Saturday, September 06, 2008

A Time to Hear and See

Hello friends,

Have you ever felt that you are not being heard? You know. You are speaking, and you are not being heard. "I heard you! I heard you!" Someone may say. But you know that you haven't been heard.

Jesus often referred to people "hearing, but not hearing;" and "seeing, but not seeing." It seems like a paradox. How can one hear, but not hear? And how can one see, but not see? Well, I have a few examples from my own life.

When my husband and I celebrated our thirteenth anniversary, he took me to a posh restaurant, which had romantic lighting. The enormous picture windows allowed us to hold hands and watch the sun go down. All at once, my love, pulls a tiny package out of a colorful bag. Then he pulls out a small, handmade velvet pillow, and he kneels upon it, with one knee. I was astounded as he opened the box and showed me the beautiful engagement ring inside.

"Jaye," he said. "I couldn't give you a ring thirteen years ago; so I offer you this one, now. Will you marry me?"

My eyes filled with tears, which spilled down my face, as the server behind me cried, "Oh, my God!" The restaurant patrons broke out in applause, as I replied in a tremulous voice, "Yes!!!"

No one knew that we were an "old married couple." All they saw was a man and a woman deeply in love. Sadly, at the next table, a tragic break-up had been taking place. A young woman pleaded with an angry man.

"Please, see the sun is going down! Look! Look! It's so romantic."

The irritated man quickly glanced out the window and spat out words I'll never forget, "I SAW IT! I SAW IT!" Then he leaped up and left the restaurant, as his partner sobbed. He hadn't seen it, nor had he heard her.

Hearing words, without understanding, is not hearing. Seeing, yet unmoved, is not seeing. I have learned that seeing and hearing is not about the eyes or the ears. Seeing and hearing is about the heart. So, it may seem as though my pondering over these things is irreverent today, but for me, it is everything.

I had an acquaintance once, whom I thought was a close friend. However -- and this was years ago -- when she and I were watching a horrible sight on the news, our paths went different ways.

I was appalled by the story, and the video of an Ethiopian mother and child. Both were emaciated, and the baby had a swollen belly. I couldn't stand it. All I could see was my baby, dying before my eyes. It was so personal, and I was helpless to save them.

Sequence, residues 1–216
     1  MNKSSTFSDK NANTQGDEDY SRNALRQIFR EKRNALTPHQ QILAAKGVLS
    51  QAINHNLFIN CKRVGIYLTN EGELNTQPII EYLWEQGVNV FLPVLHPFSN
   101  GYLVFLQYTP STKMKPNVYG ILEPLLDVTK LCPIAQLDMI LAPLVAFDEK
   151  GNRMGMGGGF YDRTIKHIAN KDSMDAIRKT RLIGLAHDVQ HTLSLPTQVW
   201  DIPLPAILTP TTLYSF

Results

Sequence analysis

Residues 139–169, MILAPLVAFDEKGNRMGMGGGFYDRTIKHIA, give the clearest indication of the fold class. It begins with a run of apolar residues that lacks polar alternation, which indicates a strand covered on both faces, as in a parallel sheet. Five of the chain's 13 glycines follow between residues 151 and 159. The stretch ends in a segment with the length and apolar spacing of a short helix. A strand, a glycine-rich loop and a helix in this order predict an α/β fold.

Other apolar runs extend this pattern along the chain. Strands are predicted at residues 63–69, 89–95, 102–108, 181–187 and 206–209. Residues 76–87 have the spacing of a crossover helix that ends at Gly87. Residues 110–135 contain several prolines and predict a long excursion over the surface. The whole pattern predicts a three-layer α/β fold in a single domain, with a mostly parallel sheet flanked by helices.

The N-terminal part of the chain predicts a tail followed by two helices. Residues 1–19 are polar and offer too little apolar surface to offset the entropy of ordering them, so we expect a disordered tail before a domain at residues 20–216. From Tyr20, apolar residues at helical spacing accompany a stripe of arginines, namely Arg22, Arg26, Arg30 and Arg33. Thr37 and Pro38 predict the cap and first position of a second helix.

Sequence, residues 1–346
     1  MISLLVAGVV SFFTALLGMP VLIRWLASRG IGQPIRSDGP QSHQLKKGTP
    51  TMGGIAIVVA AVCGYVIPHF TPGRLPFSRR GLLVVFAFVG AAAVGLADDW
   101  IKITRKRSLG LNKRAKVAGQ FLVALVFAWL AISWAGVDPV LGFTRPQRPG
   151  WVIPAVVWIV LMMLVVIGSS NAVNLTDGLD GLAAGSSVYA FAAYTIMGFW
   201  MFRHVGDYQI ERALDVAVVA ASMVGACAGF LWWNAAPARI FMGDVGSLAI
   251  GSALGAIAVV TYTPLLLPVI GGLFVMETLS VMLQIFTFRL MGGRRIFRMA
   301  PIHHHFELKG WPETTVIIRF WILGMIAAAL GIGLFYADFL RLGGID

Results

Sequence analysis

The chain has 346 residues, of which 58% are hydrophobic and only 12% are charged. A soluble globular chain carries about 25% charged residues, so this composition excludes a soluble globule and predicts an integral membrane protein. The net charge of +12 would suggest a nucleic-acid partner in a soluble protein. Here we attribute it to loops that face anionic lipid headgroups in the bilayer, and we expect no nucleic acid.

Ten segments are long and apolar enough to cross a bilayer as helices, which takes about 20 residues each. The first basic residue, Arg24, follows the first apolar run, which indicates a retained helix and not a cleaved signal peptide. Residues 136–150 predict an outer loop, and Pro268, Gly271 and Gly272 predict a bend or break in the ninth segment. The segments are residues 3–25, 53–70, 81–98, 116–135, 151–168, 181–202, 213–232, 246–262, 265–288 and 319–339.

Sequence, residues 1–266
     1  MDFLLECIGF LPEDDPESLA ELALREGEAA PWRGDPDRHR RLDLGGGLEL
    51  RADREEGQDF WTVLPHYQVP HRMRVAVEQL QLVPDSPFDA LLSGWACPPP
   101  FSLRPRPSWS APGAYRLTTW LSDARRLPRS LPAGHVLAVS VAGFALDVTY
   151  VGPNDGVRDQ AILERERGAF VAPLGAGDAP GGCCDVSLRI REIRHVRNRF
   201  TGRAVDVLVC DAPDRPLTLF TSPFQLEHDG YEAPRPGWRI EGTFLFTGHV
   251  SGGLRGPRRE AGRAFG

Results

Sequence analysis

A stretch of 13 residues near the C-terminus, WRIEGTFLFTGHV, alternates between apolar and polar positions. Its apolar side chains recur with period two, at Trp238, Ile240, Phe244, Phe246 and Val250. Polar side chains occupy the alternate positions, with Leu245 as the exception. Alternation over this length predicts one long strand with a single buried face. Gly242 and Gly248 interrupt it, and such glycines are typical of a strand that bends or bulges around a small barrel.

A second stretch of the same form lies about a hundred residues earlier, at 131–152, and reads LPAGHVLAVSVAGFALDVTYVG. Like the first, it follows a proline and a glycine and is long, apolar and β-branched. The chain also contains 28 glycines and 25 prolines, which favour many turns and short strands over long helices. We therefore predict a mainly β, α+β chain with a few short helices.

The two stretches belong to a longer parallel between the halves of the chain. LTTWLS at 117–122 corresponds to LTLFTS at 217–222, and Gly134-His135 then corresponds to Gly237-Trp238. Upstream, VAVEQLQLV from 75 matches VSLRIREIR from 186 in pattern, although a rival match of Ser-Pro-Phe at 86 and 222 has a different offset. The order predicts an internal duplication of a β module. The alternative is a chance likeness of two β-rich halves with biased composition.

All of a sudden, my "friend" spat out a barrage of filth and obscenities. I could see her face filled with hatred and rage. Then she screamed, a racial slur, and cold shock streaked through me. I couldn't believe it. Before our eyes, the baby's eyes went blank. We had watched her die, and my life was forever changed. My "friend?" Well, let's just say, we were no longer friends. She was able to look, without seeing; and her heart was so hard, that even this did not move her. I went home, and I cried so long, that it seemed like forever.

So, what does this have to do with my life today? Well, that day taught me to look, with an open heart; and I've learned to hear, with open ears. Where I cannot reach out and change the circumstance, I allow the circumstance to change me.

One day, not so many Christmases ago, we had decided that we would not exchange presents, because we do not have small children. Instead, we try to look for ways to help others have a happy Christmas. We've been very blessed by our decision. However, that first Christmas, was the best of all for me. I had one of my holiday asthma attacks, and I was standing in line at the Pharmacy.

I had just paid for my medicine, and I was feeling a little uneasy about our Christmas decision. Then, behind me, a young woman stepped forward to pay for her baby's medicine.

"That will be twenty-five dollars," the clerk said.

The woman stood there holding her baby, and she pushed a bag of change onto the counter. The clerk sighed, and she quickly counted the change.

"You're $4.29 short."

Tears sprung to the young mother's eyes. It was a painful sight. What was she going to do???

"I don't have it." She said.

"I'm sorry." The clerk replied, obviously embarrassed.

Suddenly, a light burst forth in my soul.

"Wait! I can pay for it!" I cried. "I have the money!!" I don't think that I have ever felt so filled with joy and understanding, as I wrote a check for the child's medicine.

"Here," said the young woman, as she tried to give me the bag of change.

"No," I replied, as I handed back her change.

"I'll never forget this gift," she said, "nor you."

"Oh, but you don't understand," I barely choked out the words. "You have given me a priceless gift. And the best Christmas I've ever had."

We parted, and I walked out into a Christmas Eve, all at once filled with light. My heart sang. I cried all the way home, just as I am now. I realized that it doesn't matter when we decide to hear and see. It only matters that we do.

Father in heaven, grant us the grace to hear and see, more than we ever have before. Let each day be a new day to allow our hearts to open towards others. I know that I fail in this, and it always amazes me just how blunt my perceptions can be. By Your grace, I can become a more compassionate, seeing, hearing child of God. In Your name, Amen

With love,
Jaye Lewis

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